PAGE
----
Sugar Made Out Of Breast Milk Could Be The Next Big Thing In Health

Sugar Made Out Of Breast Milk Could Be The Next Big Thing In Health

The contingency of jerk-offs made squeamish by the concept of women breastfeeding in public better take a seat for this one, because breast milk in the mainstream is about to make a potentially huge stride.

Sugarlogix—a new biotech company founded by PhDs Kulika Chomvong and Chaeyoung Shin, as well as professors Yong-Su Jin and Jamie Cate—has set out to manufacture a type of sugar usually only found in breastmilk. And they’re planning on marketing it for everyday consumption.

It’s not justto push the buttons of man babies, of course; these types of sugars, which are called human milk oligosaccharides (HMOs), more or less function as food for probiotics—the healthy, beneficial bacteria in your gut that can be found primarily in fermented foods like kimchi, sauerkraut and yogurt. And feeding these live-bacteria buddies with top-notch prebiotics means better health in a number of areas.

“If we consume [HMOs], the population of the good gut bacteria increases, out-populating the bad bacteria that could also reside in your body,” Shin told Fast Company.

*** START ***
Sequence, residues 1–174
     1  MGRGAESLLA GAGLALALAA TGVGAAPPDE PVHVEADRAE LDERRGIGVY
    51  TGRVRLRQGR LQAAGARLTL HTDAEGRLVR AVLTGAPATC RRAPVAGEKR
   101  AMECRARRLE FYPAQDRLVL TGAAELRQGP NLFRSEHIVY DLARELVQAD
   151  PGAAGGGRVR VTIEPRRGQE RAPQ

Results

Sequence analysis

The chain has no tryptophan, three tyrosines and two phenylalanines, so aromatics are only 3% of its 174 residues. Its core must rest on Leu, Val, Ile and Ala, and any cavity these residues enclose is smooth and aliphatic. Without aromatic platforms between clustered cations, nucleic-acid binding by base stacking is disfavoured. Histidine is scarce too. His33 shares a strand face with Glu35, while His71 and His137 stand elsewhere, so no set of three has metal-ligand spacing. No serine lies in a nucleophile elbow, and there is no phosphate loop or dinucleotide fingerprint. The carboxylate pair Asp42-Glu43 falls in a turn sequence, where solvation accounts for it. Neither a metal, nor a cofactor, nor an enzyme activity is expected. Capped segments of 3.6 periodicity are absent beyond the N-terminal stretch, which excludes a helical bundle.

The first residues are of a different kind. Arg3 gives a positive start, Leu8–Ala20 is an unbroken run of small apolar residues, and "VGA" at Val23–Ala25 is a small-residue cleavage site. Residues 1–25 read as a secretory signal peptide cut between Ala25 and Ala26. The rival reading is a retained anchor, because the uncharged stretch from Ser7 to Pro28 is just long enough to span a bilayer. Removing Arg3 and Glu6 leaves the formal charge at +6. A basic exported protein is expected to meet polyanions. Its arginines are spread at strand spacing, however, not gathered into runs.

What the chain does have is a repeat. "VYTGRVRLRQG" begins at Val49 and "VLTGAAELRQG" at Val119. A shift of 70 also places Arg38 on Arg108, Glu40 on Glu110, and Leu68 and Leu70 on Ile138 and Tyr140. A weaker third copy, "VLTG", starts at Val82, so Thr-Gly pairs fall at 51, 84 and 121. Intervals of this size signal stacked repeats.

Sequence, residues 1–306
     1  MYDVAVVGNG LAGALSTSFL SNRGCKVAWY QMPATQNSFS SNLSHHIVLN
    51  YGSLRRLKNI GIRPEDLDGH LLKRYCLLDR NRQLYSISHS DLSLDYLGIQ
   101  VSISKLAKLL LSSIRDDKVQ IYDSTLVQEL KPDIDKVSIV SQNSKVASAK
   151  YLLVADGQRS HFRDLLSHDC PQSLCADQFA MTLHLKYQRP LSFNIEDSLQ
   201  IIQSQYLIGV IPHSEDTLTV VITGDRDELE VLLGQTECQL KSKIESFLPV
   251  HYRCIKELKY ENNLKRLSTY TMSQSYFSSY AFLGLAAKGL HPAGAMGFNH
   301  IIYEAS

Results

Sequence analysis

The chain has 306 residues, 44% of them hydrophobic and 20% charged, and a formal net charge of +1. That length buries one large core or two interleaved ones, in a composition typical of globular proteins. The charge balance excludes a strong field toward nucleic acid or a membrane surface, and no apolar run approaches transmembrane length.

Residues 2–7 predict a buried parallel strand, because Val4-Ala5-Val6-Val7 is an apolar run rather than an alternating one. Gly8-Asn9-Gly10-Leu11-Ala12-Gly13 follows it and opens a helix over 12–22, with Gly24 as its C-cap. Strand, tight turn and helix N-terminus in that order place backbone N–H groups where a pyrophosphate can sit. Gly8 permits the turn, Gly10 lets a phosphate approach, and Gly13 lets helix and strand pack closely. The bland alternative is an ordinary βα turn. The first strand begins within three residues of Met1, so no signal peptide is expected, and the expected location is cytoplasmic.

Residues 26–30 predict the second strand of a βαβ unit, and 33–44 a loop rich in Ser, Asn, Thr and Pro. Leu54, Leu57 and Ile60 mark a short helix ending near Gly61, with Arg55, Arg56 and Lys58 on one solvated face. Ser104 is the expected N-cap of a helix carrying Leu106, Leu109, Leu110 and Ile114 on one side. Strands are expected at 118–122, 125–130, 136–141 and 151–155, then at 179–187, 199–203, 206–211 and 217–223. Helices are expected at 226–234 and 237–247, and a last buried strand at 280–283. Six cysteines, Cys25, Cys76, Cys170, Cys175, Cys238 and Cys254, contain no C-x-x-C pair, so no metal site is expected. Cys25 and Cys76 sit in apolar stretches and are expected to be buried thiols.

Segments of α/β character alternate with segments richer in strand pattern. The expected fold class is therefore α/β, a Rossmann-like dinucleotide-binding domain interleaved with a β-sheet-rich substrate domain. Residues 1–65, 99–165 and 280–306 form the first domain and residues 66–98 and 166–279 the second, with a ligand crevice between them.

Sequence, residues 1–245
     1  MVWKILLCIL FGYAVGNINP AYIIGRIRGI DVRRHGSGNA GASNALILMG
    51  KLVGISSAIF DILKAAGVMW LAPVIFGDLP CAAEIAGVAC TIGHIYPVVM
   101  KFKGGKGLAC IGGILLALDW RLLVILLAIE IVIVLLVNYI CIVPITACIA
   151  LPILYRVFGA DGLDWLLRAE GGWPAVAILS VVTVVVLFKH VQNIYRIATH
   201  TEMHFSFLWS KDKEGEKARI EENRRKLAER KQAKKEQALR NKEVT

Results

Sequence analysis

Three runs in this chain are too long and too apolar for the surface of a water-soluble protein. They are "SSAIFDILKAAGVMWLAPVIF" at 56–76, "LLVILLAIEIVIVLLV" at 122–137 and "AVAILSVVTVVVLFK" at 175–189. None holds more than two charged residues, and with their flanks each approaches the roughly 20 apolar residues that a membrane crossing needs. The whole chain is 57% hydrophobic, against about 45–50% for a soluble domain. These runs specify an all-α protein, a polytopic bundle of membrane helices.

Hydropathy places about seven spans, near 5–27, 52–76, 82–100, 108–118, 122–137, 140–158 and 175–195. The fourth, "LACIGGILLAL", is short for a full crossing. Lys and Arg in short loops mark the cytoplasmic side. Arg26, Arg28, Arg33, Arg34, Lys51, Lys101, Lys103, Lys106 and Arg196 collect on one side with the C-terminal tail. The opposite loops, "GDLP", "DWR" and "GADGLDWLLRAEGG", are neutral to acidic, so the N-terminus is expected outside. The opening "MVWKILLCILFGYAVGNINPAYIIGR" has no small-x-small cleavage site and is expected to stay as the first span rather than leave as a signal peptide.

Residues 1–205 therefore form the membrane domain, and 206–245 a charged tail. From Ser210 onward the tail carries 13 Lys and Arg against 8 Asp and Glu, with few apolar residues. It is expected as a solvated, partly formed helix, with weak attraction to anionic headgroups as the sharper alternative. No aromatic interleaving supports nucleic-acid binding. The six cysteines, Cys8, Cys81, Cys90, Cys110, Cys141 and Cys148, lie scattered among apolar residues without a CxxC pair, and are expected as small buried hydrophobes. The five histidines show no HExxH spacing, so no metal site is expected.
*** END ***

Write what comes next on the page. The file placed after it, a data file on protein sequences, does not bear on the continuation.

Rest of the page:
“This leads to a healthier digestive system [and a] healthier gut, which will then help in boosting your immune system as well.”

There are as many as 130 different kinds of these milk sugars found in human breast milk, though Sugarlogix is working on manufacturing just one type for starters: 2′-fucosyllactose, or 2′-FL, which has shown to be effective in increasing immune response in babies when used as an ingredient in formula.

But Sugarlogix is seeking to go beyond baby formula. In addition, they’re also planning on producing it as a supplement for adults and as an additive to foods that already contain probiotics, like yogurt.

The process relies on yeast fermentation, much like the process for making beer. “We start out with bakery yeast [and] make genetic changes so that it produces HMOs–this is the technology that separates us from our competitors,” Shin said. “In other words, currently we are the only ones who know how to produce HMOs with yeast.”

It’s worth noting, too, that this isn’t sugar as we know it. It doesn’t contribute sweetness to food and doesn’t function as a source of caloric energy—in fact, human milk sugars don’t pass through the digestive system; rather, they exist to be consumed by the good bacteria in your microbiome (a.k.a. the colony in which all your various microorganisms chill.)

Presently, Sugarlogix is raising its first round of seed investment and is part of the current class of IndieBio, an accelerator based San Francisco. All of which is to say: Keep an eye out for that breast-milk sugar on shelves at a grocery store near you sometime in the near future.